Someone recently gave me a copy of “The Ryrie Study Bible” published by Moody Press (last copyrighted in 1978). Based on the New American Standard translation (last copyrighted in 1977), this study Bible contains a “Gospel Harmony” section, a topical index, multiple maps, multiple time-lines, numerous chain-reference scriptures, a table for weights, measure and coins, a breakdown of Jesus’ parables, a schedule to read the Bible in a year, ample space for marginal notes and a footnote commentary provided by Charles Caldwell Ryrie, Th.D., Ph.D..
Despite all of the “extras” that came with this copy of the Bible, I took the book for one specific reason – I did not have a hard-copy of a NAS Bible. So I took the book and started reading.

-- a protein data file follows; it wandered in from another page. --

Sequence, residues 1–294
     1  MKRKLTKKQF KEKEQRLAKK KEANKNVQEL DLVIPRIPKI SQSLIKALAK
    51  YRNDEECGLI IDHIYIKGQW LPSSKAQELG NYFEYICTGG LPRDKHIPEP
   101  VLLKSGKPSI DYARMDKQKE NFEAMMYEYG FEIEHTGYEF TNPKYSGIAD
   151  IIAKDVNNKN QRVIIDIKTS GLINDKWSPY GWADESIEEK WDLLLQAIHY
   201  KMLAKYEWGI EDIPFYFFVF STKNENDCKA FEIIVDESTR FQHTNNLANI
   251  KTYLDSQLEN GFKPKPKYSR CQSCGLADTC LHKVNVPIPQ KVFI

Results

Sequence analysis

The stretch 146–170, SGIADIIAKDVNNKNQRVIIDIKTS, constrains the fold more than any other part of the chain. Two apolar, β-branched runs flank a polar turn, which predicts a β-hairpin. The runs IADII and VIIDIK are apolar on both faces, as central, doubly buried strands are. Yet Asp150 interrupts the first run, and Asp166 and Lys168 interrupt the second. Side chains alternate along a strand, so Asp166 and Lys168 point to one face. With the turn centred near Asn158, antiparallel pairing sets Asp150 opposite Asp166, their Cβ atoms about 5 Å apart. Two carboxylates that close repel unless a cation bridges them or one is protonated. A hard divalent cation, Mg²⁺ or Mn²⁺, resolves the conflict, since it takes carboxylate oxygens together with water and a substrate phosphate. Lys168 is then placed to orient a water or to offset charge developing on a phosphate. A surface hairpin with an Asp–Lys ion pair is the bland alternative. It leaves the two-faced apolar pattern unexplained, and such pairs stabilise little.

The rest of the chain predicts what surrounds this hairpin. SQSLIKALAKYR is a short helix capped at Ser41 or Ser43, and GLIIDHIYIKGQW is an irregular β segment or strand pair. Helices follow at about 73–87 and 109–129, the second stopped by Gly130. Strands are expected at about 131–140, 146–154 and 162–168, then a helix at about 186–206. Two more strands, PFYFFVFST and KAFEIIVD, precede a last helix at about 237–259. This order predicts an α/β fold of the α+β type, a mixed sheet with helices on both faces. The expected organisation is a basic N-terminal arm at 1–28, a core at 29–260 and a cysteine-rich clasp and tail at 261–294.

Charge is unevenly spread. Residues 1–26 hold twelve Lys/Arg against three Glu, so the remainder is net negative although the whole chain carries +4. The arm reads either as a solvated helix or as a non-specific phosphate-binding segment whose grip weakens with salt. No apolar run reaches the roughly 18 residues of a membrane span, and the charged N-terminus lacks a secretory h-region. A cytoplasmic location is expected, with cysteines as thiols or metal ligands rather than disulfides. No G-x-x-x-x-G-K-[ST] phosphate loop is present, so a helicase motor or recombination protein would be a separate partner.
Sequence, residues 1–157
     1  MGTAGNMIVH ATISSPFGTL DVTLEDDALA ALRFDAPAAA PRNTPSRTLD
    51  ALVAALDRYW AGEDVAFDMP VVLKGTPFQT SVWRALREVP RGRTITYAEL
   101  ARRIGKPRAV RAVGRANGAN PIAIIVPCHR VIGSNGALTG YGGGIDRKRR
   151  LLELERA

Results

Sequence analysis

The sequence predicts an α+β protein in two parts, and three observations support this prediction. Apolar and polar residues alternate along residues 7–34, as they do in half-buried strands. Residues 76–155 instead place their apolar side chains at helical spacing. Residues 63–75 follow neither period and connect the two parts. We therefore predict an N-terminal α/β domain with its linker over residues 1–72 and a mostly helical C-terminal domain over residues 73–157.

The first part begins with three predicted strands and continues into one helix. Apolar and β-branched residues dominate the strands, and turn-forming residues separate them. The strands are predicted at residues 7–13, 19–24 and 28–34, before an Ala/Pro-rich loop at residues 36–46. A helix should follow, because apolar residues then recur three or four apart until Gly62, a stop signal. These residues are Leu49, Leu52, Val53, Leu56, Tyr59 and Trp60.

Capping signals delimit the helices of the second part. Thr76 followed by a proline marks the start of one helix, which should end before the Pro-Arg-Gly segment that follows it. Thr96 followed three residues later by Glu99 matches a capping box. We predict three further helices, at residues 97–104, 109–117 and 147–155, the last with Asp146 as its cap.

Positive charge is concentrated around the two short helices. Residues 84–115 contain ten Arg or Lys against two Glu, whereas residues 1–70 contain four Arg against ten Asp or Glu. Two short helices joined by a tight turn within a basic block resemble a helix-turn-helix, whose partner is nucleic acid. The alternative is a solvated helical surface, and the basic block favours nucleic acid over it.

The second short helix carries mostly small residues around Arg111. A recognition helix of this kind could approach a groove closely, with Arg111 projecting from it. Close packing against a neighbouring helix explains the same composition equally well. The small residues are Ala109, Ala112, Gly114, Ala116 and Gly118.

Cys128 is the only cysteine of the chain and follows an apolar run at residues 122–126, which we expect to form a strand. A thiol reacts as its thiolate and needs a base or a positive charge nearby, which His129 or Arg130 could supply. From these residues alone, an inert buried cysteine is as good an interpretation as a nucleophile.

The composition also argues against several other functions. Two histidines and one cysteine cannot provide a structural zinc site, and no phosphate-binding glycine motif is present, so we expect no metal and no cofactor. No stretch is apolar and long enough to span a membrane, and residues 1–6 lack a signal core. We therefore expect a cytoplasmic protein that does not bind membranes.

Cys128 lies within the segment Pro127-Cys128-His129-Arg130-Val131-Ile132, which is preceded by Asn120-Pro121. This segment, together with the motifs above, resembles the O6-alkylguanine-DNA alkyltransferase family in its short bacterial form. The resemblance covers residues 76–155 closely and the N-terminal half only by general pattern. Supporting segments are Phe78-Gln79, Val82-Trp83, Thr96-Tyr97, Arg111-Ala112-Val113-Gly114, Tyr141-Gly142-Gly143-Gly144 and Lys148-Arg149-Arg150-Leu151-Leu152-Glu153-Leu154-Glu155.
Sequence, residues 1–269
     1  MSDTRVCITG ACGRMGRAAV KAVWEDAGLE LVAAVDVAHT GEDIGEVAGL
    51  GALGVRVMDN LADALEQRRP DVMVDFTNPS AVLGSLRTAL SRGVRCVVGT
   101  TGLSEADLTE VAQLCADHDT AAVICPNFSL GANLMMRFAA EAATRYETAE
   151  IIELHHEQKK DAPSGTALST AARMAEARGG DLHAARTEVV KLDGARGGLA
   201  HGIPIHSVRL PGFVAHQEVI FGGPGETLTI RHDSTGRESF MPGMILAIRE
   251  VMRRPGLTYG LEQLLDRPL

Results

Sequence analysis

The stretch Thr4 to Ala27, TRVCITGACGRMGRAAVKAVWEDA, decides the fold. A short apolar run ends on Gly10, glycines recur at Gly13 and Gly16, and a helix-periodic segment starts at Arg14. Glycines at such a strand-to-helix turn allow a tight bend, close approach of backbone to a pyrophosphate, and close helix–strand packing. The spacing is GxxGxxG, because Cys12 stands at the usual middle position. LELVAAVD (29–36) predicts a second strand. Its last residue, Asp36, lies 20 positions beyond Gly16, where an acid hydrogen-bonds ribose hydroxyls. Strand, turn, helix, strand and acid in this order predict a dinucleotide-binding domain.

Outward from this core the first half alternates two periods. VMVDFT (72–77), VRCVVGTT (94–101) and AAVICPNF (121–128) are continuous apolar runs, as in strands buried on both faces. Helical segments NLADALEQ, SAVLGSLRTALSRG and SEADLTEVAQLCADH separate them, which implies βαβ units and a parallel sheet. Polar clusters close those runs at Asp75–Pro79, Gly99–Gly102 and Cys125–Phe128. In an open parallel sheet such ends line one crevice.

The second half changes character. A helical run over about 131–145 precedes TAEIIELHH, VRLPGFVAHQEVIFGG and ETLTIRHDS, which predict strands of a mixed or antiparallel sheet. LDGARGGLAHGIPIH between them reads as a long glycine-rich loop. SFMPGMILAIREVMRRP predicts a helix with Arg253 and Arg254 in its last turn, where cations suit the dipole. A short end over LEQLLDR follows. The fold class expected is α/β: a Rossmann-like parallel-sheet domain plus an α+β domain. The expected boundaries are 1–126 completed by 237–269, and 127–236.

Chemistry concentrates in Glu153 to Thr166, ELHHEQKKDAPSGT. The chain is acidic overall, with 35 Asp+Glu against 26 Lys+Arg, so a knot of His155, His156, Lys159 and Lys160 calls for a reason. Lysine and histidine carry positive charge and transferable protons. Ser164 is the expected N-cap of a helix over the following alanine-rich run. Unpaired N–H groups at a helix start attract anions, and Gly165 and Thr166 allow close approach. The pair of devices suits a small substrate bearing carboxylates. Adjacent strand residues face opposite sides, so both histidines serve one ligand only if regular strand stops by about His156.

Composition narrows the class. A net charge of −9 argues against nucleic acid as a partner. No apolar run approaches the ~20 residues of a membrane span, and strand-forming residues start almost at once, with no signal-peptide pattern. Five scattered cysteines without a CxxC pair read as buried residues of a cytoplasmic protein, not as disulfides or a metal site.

Now, whenever I check out a translation for the first time, I have a few “go-to” scriptures in the Old and New Testament that I read in order to get a basic understanding of the original translator’s goal, namely: were they attempting to make a beneficial word-for-word translation for the reader, or were they inserting their own theological point-of-view by making a word-for-thought translation to influence the reader. Continue reading